Big fat snowflakes fell all day, a mid-April snow that coated the forsythia and the early flowering rhododendron—their bright yellow and hot pink flowers drooped under the snow but still shone through. A chilly day is in the forecast for tomorrow but increasing warmth throughout the week will bring those beauties back to vibrant life. This is spring in New England. Looking back through my archive of photos I see yearly shots of snow on April buds.
I and most of my friends are now fully vaccinated, our immune systems firmly boosted by either the Pfizer or Moderna vaccines. I expected to feel some dramatic sense of relief, a desire to leap back into the world, but the shift has been subtle, a lessening of anxiety when I go grocery shopping or meet a friend for lunch on a coffee shop’s patio. I’m fantasizing about some regional travel but am not yet ready to hop on an airplane. Friends and I are planning summer theater excursions, outside, under a tent but I’m not quite ready for a movie theater. Outdoor restaurant seating is fine; indoors, too confined. Wearing masks in public spaces, especially indoors, is still the norm around here; I find this reassuring.
The New York Times recently posted an interactive piece titled Who We Are Now, featuring the voices of a range of Americans reflecting on the pandemic year. These reflections speak to the upheaval, disruption, fear, grief, renewal, recalibrating, and rethinking that the past year has brought especially for those younger than I, who have contended with job changes and losses, kids learning from home, parents at heightened risk, as well as for those whose age or health concerns have kept them isolated at home or in nursing homes.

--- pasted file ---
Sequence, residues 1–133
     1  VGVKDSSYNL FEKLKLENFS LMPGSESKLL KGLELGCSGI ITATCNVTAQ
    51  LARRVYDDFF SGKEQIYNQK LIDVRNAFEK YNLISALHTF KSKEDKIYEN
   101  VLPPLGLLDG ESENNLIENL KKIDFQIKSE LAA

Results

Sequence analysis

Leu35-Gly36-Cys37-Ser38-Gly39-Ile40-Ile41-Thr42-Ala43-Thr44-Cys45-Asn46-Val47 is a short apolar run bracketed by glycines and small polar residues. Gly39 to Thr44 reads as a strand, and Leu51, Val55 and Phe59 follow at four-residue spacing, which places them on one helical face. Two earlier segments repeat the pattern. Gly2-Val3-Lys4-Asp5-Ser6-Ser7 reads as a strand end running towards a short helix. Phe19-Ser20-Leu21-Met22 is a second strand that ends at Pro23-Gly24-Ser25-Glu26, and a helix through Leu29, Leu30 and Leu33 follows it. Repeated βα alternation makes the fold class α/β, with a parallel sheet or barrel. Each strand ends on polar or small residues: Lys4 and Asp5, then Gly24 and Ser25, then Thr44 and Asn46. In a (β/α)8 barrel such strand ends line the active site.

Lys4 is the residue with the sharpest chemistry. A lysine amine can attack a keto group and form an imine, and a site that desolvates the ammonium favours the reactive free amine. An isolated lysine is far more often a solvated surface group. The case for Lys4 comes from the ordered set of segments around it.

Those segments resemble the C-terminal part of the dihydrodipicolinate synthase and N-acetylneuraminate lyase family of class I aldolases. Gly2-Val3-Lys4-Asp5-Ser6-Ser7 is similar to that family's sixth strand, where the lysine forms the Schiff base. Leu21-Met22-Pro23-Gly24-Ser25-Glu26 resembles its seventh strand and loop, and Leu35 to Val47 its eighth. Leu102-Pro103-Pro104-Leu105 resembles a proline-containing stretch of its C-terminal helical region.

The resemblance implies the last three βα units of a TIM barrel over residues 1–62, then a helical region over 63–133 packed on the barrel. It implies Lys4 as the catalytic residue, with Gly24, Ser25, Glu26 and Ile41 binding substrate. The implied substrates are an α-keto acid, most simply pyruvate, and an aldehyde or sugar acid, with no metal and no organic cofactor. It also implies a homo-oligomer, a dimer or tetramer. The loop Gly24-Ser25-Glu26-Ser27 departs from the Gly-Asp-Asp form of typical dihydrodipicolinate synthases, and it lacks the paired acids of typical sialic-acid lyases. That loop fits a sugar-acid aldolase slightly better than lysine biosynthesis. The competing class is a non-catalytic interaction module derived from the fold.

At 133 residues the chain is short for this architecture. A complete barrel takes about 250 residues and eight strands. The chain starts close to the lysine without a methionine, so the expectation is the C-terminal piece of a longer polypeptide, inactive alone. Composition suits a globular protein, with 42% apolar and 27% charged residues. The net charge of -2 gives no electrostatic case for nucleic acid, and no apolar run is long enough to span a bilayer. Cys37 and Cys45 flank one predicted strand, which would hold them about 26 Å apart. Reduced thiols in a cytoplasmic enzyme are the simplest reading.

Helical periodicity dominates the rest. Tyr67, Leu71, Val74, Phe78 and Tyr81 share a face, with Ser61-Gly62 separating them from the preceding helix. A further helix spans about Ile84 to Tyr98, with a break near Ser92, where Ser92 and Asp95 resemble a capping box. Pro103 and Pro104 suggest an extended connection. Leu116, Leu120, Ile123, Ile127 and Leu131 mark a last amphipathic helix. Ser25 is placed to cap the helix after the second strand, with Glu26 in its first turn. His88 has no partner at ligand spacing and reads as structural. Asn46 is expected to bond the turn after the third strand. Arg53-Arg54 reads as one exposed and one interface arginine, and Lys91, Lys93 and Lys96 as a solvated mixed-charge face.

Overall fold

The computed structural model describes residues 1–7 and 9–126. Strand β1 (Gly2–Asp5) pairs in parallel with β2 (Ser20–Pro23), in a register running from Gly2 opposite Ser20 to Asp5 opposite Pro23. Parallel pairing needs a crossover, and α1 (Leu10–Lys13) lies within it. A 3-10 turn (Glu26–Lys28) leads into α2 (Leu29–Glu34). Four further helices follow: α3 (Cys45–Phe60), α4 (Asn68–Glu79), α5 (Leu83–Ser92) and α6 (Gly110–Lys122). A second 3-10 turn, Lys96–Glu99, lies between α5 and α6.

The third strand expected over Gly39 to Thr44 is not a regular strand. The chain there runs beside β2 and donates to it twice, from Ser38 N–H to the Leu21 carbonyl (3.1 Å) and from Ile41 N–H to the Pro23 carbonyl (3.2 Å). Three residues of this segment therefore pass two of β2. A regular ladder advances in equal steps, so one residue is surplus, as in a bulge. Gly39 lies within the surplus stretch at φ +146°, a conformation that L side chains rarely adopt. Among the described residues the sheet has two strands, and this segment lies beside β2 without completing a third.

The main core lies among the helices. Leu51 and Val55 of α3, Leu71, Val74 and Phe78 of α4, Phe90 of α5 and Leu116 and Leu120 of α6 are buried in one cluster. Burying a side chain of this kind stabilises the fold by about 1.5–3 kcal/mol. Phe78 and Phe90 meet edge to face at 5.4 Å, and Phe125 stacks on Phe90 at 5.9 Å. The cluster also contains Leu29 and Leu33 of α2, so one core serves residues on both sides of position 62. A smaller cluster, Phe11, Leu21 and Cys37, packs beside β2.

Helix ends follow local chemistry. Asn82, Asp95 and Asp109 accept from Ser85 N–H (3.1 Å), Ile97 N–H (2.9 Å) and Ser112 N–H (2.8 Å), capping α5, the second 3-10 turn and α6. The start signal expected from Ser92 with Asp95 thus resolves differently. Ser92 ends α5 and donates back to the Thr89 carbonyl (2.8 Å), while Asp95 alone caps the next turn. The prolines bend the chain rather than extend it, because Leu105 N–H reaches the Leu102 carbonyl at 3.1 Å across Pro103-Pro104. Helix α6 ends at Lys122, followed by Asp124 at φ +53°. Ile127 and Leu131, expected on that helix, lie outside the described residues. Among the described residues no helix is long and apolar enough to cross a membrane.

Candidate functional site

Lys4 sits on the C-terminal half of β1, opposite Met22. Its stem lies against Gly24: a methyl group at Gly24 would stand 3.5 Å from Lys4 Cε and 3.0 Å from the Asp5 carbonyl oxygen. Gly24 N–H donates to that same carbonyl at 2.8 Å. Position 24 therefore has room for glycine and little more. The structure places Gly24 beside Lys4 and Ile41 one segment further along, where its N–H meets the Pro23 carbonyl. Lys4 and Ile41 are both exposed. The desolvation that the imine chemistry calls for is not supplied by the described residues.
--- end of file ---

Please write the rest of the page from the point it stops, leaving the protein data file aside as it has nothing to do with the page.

For me, life in viral times has meant an intensifying of changes I would have made anyhow as I left a full time job behind and moved into unstructured days that give me time for reflecting and writing. In a March 2020 blog post I noted that pandemic life isn’t all that different than my writer’s life except it’s harder to find alternatives to solitude when time alone weighs heavily—no stores to browse in or coffee shops to sit in with my computer open and eyes surveying the life around me.
I guess I’m circling back to a question the poet David Whyte posed in a webinar: What is the seasonality of my life? What is coming into being? As I write that I think about my mother in her later years. Dad pulled her out into the world and after his death her own health problems and a strongly introverted nature kept her increasingly at home, in her recliner, touching the world through the Sunday New York Times, her television, phone calls with me and my sister, and visits from kind friends and neighbors.
I picture her in those final years, sunk in her recliner in the living room. I think she found peace in the sitting and remembering, her mind drifting through time. In her last year or two I sometimes wondered if she was waiting to die, but maybe it was more that she was letting go, acknowledging the end. I’m not there yet; I’m tenaciously rooted in this life. But am I tiptoeing in that direction? Is that a piece of what’s slowly coming into being for me?
I recently reread Theodore Roethke’s poem “The Waking.” I remember when I first read this poem many, many years ago, at a time of great upheaval and transition, I was drawn to the words “This shaking keeps me steady.”
But now, as I sidle into a new phase of life, different words beckon me. “I hear my being dance from ear to ear.” “What falls away is always and is near./I wake to sleep and take my waking slow./I learn by going where I have to go.”